(I'm sure the numbers in both of our posts are very approximate, but hopefully you get the idea.)

I can't see it flying either though. Somebody would call it communist and the whole idea would be finished. The US would prefer half their population on the streets before they do a basic income.

Comment Re:GPL (Score 1) 137

If the GPL applied, then yes, that's right, but you don't need to put your documents under the GPL just to edit them with a GPLed piece of software. The only way they'd end up GPLed is if you deliberately licensed them as such for some reason (at which point you have only yourself to blame if you decide you didn't want to do that).

Comment Re:Oh yawn... (Score 2) 238

btw, I've noticed a change in the GPL busy-bodies' approach to evangelism. It used to be "set your code free with GPL" or some such. I could never understand how my code could be more free with more restrictions placed upon how it can be used.

The only extra restriction the GPL has over BSD is "you can't add more restrictions to this code". Saying BSD is more free than GPL is a bit like saying anarchy is more free than democracy because you can imprison/enslave whoever you like. In practice you end up being less free with anarchy.

Now I'm noticing the change to more of a "your code isn't good enough to be GPL-licensed" style of approach.

Well I have no idea what that's about. There's no minimum quality bar for GPLed code; go for it.

I never understood why the GPL busy bodies were so concerned with what i did with the code i write. :)

Because it affects everyone, or perhaps more to the point it affects them a lot more than it affects you (because you can always do whatever you like with your own code).

Ultimately it's your call, of course. It would just be nice if your call contributed to the network effects of open-and-will-stay-open code.

Comment Re:64 allows 2 billion IPs per person. 2GB limits (Score 1) 150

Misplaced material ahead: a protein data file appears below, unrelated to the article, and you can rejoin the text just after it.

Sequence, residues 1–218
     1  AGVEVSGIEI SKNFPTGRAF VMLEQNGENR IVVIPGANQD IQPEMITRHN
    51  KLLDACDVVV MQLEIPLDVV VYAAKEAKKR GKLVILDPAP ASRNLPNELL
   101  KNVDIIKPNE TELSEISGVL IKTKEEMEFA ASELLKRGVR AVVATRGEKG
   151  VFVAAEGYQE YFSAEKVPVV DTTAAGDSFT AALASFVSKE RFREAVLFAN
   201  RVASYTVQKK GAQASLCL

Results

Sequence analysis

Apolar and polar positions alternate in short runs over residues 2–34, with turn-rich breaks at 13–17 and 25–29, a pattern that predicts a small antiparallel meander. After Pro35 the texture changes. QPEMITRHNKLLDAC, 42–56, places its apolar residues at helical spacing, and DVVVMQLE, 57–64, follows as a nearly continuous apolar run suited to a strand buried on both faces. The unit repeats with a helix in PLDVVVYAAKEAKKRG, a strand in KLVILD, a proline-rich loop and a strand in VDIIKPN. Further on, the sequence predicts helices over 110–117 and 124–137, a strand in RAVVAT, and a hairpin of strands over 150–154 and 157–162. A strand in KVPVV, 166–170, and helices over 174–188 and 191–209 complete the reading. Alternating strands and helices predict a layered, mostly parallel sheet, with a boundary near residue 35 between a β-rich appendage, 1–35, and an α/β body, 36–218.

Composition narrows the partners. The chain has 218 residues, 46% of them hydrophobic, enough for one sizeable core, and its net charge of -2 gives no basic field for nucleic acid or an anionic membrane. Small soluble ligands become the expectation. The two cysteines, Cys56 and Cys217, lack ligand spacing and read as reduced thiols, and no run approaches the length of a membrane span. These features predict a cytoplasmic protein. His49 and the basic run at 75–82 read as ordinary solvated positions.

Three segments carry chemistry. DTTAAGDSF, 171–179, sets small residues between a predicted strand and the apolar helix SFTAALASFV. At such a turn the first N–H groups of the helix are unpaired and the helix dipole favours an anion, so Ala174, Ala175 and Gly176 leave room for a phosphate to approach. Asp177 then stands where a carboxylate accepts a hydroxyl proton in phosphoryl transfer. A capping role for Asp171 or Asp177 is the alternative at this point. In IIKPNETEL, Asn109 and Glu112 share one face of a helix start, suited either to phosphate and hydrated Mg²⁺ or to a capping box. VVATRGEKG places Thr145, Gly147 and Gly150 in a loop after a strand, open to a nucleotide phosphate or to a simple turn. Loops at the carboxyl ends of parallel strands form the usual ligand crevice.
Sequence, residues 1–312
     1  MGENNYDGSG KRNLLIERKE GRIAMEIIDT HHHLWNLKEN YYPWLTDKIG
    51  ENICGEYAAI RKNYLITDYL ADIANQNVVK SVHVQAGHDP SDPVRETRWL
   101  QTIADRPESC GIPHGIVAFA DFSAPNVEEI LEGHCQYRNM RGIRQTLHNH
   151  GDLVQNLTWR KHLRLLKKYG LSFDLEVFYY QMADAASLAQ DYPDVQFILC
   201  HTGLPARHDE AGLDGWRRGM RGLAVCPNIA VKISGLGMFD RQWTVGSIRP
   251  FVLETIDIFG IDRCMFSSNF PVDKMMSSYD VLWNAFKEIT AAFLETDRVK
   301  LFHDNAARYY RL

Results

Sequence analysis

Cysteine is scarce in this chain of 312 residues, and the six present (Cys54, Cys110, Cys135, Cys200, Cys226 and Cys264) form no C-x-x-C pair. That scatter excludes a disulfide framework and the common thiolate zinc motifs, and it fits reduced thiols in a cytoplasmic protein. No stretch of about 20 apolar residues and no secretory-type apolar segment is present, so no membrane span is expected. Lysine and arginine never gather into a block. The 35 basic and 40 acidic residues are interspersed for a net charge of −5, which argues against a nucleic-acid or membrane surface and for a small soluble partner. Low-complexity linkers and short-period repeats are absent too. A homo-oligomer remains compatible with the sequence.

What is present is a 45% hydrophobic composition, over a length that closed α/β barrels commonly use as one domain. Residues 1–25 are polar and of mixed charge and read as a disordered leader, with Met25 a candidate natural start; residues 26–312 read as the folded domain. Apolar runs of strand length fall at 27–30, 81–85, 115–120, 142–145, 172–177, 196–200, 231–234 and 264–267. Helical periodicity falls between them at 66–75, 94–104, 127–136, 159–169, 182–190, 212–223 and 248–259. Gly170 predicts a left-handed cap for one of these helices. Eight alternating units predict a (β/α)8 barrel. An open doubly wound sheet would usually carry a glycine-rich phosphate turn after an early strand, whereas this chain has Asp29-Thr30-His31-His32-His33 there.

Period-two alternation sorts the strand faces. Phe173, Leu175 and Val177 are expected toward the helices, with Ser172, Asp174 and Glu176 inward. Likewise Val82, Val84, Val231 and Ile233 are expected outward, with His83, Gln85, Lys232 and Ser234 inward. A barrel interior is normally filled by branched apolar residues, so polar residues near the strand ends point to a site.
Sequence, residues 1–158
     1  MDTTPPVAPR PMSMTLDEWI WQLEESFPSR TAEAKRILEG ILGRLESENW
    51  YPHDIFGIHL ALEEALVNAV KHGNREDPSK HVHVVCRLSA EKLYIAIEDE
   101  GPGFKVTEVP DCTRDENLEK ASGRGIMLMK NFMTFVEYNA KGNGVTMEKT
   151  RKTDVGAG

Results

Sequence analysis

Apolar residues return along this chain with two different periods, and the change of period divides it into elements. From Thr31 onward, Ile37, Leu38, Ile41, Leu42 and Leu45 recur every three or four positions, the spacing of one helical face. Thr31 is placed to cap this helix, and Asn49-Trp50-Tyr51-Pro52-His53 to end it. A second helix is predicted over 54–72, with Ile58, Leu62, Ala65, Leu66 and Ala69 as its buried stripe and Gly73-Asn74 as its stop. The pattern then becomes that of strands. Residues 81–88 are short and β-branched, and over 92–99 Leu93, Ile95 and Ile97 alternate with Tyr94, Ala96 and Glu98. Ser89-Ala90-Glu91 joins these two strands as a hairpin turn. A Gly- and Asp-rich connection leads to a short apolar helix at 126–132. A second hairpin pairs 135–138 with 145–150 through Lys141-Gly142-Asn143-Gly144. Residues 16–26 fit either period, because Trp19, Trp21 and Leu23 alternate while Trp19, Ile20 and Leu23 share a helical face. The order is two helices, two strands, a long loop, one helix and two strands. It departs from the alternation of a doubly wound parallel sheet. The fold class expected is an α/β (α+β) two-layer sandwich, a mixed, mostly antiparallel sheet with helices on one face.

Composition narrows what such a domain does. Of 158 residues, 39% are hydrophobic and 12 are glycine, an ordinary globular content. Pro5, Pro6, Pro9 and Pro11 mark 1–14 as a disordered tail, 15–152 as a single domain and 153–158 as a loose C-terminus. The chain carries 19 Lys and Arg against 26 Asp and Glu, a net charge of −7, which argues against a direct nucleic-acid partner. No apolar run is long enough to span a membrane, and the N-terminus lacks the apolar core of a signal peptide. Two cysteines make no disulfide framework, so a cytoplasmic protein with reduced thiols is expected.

I think overkill was the right call. I'm not convinced that 64-bits would be sufficient for everybody to get away with NAT indefinitely. I think it might be, but even if so I think realistically ISPs would've given allocations that were too small.

Case in point: ISPs giving /60s or even /64s in 128-bit v6, even though they easily have enough space to do /48s. In a 64-bit v6 world, that would probably translate into people getting 256 individual address or so, which technically is enough for "most" people today but actually starts to look really tight when subnetted or if you include future growth. That would lead to NAT, and I don't think that's a risk we should've taken.

And being bothered about how 128 bits don't fit neatly into a register is being bothered over nothing. It just doesn't matter that much. Very few systems are constrained by how many millions of IP addresses they can add together per second. Common-place NAT would (does) have a much bigger impact on people's lives, and it's much more important that we avoid that.

Comment Re:Linux is far worse than Microsoft (Score 5, Informative) 541

Realistically, the Linux ecosystem forces you to pick between running a minor distro that you don't want to use, running a major distro with systemd removed (with broken functionality) or giving up and using systemd.

I suppose you could technically call that "not forcing" on the basis that you made the choice to use Linux in the first place, but... nope. Still being forced.

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He keeps differentiating, flying off on a tangent.